Living with credit, Research, regulation, industry reports Guys have few credit cards, little debt

Jeremy Simon

A recent poll found that the typical modern man has few credit cards and even less debt, with the cash saved on interest charges apparently going toward his goal of $1 million in retirement savings.’s 2008 Edition of the Great Male Survey considered the various stereotypical male personas (including player, family man, workaholic and dandy, according to the site) and wondered if they were supported by any data. “As the No. 1 men’s lifestyle site on the Web, we knew that it was up to us at to deliver the numbers,” the Web site said.

So it did. “Our 2008 Great Male Survey, launched in conjunction with Yahoo! Shine’s Great Female Survey, was a big success, drawing over 75,000 participants who generated a combined total of more than 10 million answers,” said. But success is relative: Those self-reported responses came from a self-selected audience and should be treated with a healthy bit of skepticism. Plus, consumers have a tough time honesty owning up to something as taboo as credit card debt.

For its survey section on power and money, posed 29 questions, a few of which looked at debt and savings. Asked about the number of credit cards they own, a plurality of guys (30 percent) said they hold just one credit card, which could stem from the site’s relatively young readership. The next most-popular responses were no credit cards (25 percent) and two credit cards (23 percent). Only 5 percent of guys say they have five or more credit cards.

According to data from the Experian national score index study listed by, approximately 51 percent of the U.S. population has at least two credit cards. Does that mean that the (approximate) female half of the U.S. carries a disproportionate amount of plastic? If it was up to AskMen and Shine, we’d never know: the 2008 edition of the Great Female Survey had just two categories — women’s sexuality and dating trends — with power and money not considered.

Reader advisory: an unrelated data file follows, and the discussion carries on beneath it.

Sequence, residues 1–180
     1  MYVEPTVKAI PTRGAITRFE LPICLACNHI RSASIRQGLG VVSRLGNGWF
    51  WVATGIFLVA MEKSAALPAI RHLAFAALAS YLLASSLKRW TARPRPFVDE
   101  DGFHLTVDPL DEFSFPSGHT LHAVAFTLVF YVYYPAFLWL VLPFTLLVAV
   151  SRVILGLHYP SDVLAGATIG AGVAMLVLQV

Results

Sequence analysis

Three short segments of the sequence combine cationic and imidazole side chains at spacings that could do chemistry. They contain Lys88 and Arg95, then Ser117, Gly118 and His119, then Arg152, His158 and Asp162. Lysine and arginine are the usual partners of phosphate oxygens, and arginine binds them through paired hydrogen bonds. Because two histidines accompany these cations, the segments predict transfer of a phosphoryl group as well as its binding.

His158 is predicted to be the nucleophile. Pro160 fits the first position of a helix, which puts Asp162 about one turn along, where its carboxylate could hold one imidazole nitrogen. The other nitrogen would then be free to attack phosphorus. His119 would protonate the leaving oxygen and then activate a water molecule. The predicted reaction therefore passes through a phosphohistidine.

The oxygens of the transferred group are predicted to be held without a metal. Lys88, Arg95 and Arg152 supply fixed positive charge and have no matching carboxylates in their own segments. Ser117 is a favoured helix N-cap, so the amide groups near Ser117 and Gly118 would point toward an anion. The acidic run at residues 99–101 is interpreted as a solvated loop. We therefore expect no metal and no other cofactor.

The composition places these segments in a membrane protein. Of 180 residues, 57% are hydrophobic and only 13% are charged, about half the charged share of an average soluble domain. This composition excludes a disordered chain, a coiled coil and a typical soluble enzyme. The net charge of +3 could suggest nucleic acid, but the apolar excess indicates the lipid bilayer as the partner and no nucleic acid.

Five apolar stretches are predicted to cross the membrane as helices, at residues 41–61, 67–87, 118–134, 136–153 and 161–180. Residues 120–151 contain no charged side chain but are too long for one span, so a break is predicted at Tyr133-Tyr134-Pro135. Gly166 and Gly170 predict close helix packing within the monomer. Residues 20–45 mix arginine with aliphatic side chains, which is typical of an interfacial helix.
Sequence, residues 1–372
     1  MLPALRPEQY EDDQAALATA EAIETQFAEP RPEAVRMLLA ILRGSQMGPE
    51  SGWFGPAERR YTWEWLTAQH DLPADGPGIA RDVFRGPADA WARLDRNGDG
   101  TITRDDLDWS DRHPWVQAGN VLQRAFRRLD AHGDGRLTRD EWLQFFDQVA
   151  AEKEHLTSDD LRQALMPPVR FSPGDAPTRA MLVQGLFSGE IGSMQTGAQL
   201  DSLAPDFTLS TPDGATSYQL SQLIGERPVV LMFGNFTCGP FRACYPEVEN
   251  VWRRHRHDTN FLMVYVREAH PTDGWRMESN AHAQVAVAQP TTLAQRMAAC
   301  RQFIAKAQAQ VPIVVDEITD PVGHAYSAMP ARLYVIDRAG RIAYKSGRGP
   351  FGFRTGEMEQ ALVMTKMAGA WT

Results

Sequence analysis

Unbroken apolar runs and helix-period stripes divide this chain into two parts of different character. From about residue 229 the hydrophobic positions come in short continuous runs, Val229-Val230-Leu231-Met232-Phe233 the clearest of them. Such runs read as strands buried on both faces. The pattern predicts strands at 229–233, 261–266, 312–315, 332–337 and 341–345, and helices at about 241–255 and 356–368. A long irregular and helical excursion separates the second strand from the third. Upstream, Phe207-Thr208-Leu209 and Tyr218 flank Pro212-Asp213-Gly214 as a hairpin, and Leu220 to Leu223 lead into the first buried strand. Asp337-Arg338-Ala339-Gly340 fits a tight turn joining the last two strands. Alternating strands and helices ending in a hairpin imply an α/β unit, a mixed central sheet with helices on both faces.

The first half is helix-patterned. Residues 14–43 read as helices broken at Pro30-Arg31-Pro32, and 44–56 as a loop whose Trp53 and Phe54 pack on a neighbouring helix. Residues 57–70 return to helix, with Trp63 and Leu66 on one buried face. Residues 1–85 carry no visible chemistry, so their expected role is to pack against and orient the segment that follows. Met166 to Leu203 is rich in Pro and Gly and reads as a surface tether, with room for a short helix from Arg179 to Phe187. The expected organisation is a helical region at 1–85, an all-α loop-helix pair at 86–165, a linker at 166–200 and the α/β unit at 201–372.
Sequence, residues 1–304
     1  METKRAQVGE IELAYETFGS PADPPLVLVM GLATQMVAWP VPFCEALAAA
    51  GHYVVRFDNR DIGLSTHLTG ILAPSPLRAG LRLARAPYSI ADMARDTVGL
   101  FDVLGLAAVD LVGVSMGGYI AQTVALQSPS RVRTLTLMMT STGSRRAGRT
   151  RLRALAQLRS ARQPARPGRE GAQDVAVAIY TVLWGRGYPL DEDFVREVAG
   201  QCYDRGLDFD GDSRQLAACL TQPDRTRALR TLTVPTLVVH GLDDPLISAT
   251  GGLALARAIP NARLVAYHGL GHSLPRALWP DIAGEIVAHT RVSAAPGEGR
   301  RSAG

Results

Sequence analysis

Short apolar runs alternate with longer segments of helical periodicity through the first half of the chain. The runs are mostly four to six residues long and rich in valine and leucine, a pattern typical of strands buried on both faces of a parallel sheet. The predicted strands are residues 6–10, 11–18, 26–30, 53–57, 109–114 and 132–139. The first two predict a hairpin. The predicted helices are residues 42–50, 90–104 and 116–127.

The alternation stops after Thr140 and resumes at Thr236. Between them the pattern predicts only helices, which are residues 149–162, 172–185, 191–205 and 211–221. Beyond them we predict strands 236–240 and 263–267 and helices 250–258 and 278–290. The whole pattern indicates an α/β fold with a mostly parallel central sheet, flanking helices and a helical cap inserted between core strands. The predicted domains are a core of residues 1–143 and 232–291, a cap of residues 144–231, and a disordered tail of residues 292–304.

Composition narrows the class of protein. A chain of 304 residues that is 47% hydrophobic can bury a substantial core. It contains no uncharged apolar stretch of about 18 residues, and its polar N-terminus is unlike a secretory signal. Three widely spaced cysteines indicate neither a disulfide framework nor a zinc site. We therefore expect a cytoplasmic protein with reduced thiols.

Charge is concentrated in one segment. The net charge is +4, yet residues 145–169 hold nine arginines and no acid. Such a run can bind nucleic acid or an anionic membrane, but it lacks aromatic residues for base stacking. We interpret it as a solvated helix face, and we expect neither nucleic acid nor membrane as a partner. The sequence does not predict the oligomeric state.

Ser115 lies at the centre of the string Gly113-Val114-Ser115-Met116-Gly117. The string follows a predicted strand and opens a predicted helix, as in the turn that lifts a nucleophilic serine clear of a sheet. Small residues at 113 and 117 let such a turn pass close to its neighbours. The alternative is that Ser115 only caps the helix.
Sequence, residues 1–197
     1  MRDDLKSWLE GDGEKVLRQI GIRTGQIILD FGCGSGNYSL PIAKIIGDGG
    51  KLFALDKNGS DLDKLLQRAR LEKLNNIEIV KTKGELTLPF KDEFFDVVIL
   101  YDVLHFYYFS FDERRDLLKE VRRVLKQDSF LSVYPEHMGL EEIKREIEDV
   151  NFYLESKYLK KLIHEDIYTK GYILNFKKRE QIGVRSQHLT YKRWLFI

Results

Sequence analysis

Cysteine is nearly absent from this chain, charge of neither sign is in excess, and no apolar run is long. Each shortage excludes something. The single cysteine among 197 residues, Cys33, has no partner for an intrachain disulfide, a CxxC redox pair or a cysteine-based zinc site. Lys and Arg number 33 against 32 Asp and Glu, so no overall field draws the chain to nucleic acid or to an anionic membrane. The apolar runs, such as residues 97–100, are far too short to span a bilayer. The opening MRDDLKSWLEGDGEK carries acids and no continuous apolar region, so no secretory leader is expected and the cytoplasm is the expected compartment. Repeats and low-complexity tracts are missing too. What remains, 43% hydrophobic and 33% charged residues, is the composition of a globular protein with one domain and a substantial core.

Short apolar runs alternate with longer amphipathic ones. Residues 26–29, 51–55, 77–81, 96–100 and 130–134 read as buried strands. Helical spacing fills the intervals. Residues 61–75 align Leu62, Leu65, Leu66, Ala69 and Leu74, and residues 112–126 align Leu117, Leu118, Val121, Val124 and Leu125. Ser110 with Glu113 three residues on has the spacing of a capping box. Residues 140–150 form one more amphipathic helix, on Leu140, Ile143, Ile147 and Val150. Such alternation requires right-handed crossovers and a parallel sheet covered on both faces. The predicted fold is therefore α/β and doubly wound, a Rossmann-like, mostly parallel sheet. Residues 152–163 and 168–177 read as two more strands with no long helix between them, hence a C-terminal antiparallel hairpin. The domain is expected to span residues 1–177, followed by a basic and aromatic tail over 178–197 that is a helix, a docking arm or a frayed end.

The AskMen survey results also suggest that guys are paying off their credit cards. Questioned as to whether they have debt, 36 percent say they do not have any (I’ll bet). Few men polled admitted shouldering credit card debt (13 percent), while even less (9 percent) said they have some combination of student debt, mortgage and credit card debt.

Perhaps because most don’t have any debt, men are just fine with the amount of plastic they carry. The vast majority of respondents (82 percent) said the number of credit cards they have is a “reasonable amount.” A minority of men believe they need to get rid of some plastic (10 percent). Even fewer males (8 percent) say actually they need more credit cards than they currently have.

Maybe some of those guys believe getting a certain credit card will give them added prestige: 2 percent of guys polled said the ultimate status symbol was not in fact a beautiful home, female companion or car (as numerous other respondents did), but rather a “high-status” credit card, such as the American Express black card or a Visa Infinity.

Meanwhile, guys realize they aren’t getting any younger. AskMen found that a little less than half (46 percent) of men say they have a plan for retirement and are putting money toward it. That’s good, since the vast majority of males (91 percent) say they need a lump sum of $1 million or more to “retire comfortably” and spend their golden years swimming in gold (OK, they didn’t actually get that explicit with their Scrooge McDuck fantasies).

Now for my version of the poll: Guys — do you have credit cards? Do you have credit card debt?

See related: Poll: Credit card debt the new taboo topic, Credit card industry facts, debt statistics 2006-2008

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